Wheeler’s first collegiate hat trick came three years and a week after his last high school hat trick. He was a junior at Breck then, and scored three times vs. Orono in the state title game on this same sheet of ice.


• Minnesota Duluth fans are having a “good news-bad news” kind of weekend.

Thursday was a good day as two Bulldog sophomores, forward Mason Raymond and defenseman Matt Niskanen, were named to the All-WCHA first team — an impressive showing considering the team’s ninth-place finish. Friday was the bad day, as Bulldog fans learned that the next time that pair will don UMD sweaters is for an alumni game, as both signed pro contracts. Niskanen is headed to the Dallas Stars’ AHL club in Des Moines, while Raymond heads north to Winnipeg to play for the Vancouver Canucks’ top farm club.

• While most teams prep for the playoffs with some quality time in the video booth, scouting their opponents, players from two of this tournament’s teams did some prep work in the barbers’ chair. Minnesota came out for last weekend’s first-round playoff series and revealed that all of the Gophers had bleached their hair blonde. Not to be out done, at least two members of the St. Cloud State team (Bobby Goepfert and Dan Kronick) showed up in St. Paul with their hair dyed bright red. When it comes to post-season grooming, we’re wondering what ever happened to the simple playoff beard.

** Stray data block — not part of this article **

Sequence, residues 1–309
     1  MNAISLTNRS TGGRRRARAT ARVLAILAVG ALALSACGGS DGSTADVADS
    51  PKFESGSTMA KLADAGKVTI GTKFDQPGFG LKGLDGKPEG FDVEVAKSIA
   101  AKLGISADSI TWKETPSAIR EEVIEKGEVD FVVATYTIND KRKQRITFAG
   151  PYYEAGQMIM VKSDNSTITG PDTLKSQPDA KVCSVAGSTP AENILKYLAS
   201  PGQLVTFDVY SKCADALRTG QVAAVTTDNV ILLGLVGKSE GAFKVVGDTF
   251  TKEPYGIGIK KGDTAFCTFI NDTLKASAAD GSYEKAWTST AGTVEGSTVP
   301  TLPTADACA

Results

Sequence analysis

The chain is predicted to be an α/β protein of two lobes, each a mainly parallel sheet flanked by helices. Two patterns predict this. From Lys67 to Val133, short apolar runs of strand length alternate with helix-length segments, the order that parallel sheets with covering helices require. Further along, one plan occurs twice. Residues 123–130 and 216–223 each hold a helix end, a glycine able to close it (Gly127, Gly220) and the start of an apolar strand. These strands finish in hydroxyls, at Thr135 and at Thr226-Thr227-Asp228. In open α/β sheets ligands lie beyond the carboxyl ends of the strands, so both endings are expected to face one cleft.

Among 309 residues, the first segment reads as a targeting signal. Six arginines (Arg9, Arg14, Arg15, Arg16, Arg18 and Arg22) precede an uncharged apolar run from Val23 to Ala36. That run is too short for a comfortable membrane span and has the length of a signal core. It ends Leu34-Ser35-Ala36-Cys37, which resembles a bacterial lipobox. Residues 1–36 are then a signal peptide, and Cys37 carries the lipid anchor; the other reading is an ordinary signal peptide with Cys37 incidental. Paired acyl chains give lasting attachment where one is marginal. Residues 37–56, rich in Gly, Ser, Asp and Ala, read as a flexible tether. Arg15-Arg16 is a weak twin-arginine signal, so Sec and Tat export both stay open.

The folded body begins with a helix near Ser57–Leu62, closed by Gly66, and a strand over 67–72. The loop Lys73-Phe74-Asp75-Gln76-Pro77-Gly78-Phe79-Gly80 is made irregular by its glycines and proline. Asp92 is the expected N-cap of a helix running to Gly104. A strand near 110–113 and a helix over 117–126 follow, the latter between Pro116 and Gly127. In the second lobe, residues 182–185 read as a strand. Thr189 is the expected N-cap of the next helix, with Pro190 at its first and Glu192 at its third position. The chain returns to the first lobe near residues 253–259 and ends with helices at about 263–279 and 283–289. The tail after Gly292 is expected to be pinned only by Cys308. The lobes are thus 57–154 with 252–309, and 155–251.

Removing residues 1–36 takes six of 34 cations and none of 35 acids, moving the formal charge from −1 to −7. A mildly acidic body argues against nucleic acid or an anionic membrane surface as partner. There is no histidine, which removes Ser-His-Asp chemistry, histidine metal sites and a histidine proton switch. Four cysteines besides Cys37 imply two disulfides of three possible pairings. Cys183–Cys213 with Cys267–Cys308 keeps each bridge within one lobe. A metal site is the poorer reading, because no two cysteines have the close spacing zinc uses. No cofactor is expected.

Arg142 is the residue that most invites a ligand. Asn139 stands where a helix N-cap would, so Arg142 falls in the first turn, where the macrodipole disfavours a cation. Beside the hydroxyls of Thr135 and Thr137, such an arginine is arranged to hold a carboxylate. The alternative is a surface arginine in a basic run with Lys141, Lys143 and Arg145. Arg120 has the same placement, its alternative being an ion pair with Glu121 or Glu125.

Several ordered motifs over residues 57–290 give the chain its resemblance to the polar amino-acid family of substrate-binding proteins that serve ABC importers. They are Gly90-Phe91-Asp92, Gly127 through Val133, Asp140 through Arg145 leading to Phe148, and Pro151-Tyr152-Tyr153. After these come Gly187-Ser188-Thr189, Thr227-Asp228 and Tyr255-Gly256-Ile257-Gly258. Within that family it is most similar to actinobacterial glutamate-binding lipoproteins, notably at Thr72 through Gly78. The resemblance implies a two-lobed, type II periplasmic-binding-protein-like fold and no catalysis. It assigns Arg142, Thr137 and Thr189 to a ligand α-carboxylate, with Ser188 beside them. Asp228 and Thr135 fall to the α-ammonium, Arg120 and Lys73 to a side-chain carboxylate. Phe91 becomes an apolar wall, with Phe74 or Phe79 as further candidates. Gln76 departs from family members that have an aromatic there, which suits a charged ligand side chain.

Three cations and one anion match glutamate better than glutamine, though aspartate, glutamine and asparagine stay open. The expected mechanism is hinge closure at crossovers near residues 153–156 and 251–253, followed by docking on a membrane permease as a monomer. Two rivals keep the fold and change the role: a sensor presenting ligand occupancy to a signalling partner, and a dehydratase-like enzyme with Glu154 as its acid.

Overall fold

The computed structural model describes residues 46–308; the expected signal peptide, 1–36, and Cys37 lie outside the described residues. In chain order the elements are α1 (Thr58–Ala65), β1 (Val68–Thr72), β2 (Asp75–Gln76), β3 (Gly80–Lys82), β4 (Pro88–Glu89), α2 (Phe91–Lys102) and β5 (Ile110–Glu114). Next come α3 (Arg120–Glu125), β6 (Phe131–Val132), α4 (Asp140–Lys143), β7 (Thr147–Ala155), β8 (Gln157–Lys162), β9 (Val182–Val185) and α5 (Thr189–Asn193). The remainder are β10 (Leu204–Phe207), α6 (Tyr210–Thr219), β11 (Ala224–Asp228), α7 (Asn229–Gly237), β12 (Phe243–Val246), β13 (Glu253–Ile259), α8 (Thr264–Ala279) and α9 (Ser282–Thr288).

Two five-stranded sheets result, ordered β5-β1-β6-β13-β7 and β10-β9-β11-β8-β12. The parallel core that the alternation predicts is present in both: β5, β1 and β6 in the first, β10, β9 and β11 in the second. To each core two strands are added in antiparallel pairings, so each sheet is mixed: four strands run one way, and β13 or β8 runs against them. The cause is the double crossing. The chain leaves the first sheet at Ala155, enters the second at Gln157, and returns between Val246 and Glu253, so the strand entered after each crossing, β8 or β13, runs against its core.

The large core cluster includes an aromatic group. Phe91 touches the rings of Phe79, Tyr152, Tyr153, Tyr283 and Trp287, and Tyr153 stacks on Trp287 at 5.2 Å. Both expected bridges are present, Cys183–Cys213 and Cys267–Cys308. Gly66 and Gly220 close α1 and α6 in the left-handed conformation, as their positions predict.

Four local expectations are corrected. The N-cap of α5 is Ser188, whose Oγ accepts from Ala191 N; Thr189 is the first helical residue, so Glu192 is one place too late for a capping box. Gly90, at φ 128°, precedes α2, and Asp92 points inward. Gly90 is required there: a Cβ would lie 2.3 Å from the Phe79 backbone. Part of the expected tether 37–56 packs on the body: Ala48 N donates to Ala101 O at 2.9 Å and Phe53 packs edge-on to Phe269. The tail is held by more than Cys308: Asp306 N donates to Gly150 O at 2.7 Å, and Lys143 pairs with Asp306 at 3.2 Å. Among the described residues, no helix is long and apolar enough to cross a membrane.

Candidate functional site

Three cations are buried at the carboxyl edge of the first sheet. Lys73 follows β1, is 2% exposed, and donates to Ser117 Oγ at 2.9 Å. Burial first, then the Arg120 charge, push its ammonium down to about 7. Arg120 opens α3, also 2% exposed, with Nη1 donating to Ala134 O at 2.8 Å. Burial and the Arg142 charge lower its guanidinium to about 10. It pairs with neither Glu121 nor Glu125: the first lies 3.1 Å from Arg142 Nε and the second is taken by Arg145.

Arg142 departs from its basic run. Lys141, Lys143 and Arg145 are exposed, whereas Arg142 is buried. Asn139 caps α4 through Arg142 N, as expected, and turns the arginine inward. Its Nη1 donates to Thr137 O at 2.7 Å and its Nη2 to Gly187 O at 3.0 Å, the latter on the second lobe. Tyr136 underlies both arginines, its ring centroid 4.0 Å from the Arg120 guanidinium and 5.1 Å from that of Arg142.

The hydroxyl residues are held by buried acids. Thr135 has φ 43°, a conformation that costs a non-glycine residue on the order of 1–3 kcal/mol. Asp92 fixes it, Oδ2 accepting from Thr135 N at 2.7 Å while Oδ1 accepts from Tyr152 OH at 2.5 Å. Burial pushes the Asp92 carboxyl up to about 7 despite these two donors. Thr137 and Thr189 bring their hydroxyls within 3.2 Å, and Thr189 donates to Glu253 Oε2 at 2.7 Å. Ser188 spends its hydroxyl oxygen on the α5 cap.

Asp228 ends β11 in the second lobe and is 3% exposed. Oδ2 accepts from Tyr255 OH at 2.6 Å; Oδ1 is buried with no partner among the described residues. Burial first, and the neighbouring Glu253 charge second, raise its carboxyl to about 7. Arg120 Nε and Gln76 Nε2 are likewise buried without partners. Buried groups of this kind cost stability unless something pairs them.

• There’s been a fun “battle of the bands” happening at the rink thus far, with musical groups outnumbering teams Friday. During Thursday night’s game, the shorthanded Wisconsin band (spread thin due to the Badgers’ playing in the NCAA hoops playoffs and the women’s Frozen Four) tried a rendition of “In Heaven There Is No Beer” (Michigan Tech’s signature number) that was weak and embarrassing. The Husky Pep Band cranked into their own version a few seconds later, and blew the Wisconsinites out of the rink.